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Weekly Doses of Pop-up Psych

We all make cringey mistakes and deserve to move on, rather than feel confused or regretful after an icky social situation. Each week, I will dissect a murky social, life cycle, or pop culture topic to help you understand, learn, and move on. As a former academic, I am a super-picky consumer of research (and you should be too) as well as the content I create and share, so those new solutions, data and/or additional resources have certainly met my approval.

Ways We Honor the Legacy of the Deceased


I just lost a dear friend who was like family. We had a 25 year age gap, but we were sisters.  She was having health issues, but nobody really knew the extent to which her organs were shutting down.  After the talk about hospice, she passed peacefully on her own. Although I am grateful that the last words we said to each other on the phone was a proper I love you, instead of the Luv ya Sister we usually exchanged, I never really got real closure.

If I would have had the closure I wanted, I would have thanked her for the sisterhood, friendship, and wisdom. I would have asked her how I could continue her legacy.


The relationship is not over, it’s just different


I am really sad without my sister, but I know she is there with me.  I feel her presence and energy. Even though I didn’t hear it from her mouth, I am pretty confident I know how she would want to be remembered and celebrated.


Honor a legacy by embracing their favorites.


Partaking in their favorite foods, music, or other experiences can help maintain that connection.  Appreciate why they might have loved it so much. For instance, I have a dear friend who eats at her beloved late brother’s favorite restaurant every year on his birthday. 


Honor a legacy by continuing their work.


Whether it’s fulfilling the work of their career or continuing to achieve their goals, you might be in a place to finish what they started. If not you, there might be someone else to help with the cause. Something that truly brings me joy is to see my late mentor, the amazing Dr. Susan Wheelan get cited for her incredible contributions on group and team development and dynamics. Her theories continue to be learned and valued.


Honor a legacy by remembering their wisdom.


One of the things we tend to miss the most about the deceased is their opinions, insights, and perspectives. How would they advise me in this situation? Continuing to listen to them is another way to keep them alive by applying their wisdom to current situations.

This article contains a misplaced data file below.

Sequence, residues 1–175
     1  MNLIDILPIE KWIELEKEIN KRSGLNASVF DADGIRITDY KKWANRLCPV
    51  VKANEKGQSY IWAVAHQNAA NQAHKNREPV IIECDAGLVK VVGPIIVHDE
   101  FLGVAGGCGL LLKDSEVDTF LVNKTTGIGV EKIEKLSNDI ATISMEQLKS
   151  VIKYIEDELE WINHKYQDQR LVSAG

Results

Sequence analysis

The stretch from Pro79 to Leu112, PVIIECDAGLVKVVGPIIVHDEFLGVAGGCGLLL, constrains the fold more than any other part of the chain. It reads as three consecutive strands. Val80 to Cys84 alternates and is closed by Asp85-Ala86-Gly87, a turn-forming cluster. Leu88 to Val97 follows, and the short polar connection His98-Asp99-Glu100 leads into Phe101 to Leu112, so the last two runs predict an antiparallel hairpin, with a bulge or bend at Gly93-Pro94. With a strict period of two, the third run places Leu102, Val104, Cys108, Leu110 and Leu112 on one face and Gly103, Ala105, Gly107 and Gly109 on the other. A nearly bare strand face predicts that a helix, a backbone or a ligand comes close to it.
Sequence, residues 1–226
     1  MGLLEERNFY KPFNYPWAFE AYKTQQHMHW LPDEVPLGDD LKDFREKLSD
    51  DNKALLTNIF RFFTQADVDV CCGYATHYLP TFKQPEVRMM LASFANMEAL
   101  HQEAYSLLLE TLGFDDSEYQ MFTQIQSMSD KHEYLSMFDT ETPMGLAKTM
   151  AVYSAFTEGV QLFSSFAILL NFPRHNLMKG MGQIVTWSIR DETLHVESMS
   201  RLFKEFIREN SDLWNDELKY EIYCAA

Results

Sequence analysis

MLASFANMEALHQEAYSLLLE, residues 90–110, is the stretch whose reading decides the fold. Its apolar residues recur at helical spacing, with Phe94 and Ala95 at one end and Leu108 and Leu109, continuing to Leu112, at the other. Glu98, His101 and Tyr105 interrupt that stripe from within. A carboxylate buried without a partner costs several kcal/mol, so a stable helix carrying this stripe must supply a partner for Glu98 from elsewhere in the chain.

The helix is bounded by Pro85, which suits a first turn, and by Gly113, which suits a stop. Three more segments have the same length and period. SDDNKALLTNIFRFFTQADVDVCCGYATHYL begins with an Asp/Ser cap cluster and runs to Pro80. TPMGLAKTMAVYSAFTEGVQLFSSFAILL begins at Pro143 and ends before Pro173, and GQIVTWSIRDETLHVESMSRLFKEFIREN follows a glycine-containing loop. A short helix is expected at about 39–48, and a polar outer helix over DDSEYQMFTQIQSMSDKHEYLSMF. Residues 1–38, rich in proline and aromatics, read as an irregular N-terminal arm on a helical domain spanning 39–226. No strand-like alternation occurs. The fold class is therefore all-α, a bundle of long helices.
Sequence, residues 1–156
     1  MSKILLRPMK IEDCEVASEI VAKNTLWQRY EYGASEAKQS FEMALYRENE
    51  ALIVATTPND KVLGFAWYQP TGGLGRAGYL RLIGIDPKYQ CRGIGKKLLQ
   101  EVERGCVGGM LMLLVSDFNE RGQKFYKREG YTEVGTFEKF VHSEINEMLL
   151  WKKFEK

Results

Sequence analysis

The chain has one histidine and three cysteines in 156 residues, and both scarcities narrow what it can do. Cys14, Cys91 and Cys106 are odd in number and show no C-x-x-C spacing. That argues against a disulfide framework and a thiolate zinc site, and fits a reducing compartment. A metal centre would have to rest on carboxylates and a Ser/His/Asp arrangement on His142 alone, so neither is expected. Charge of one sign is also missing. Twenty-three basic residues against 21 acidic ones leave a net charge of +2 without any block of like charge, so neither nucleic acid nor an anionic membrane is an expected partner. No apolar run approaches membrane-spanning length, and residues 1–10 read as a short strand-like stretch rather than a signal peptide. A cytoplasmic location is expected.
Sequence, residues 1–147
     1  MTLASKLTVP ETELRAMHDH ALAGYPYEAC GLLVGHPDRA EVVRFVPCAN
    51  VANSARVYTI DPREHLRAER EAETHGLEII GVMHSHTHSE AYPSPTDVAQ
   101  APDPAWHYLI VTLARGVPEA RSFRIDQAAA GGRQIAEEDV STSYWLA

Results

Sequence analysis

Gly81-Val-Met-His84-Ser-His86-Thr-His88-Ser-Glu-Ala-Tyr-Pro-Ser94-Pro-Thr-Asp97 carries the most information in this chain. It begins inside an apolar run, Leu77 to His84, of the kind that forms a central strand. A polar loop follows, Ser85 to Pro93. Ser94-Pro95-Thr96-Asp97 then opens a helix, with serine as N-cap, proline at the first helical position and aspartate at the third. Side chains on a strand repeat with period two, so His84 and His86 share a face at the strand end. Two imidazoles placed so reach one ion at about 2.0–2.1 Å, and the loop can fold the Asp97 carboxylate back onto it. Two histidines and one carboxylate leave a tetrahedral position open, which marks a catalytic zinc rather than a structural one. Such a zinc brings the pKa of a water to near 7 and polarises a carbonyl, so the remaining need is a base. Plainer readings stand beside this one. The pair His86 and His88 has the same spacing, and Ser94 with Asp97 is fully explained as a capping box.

Honor a legacy by enjoying their old stuff.


I am lucky enough to have furniture and other heirlooms from my grandparents, like their dining room furniture. It’s very special eating at the same table for holidays as my grandparents and other cherished family and friends who are no longer with us. I also have a set of china from my other late grandparents.


Honor a legacy by getting together with other people who knew them.


Funerals and memorial services certainly bring people together.  That same crowd could continue to gather to honor their loved one’s memory through stories.  Why should everyone wait until the next death to appreciate each other?


Honor a legacy by naming something after them.


Help them live on. With donations and connections, something might be created and named in their memory like a scholarship, building, fund, or anything else that embraces the person’s spirit. In Judaism, babies are named after their deceased by using the first initial or other parts of their name, as well as passing down their Hebrew name.


How can you honor the legacies of those you lost?






Please shoot me an email to share something I might have missed!

Hi, Beautiful Readers and thank you for reading this! I'm Dr. Joanne Broder, Media Psychologist, Author, and Fellow of the American Psychological Association. Please consider me to help you write your memoir, blogs, speeches, e-books, as well as coach you on your dissertation or thesis.  Click here so we can connect!

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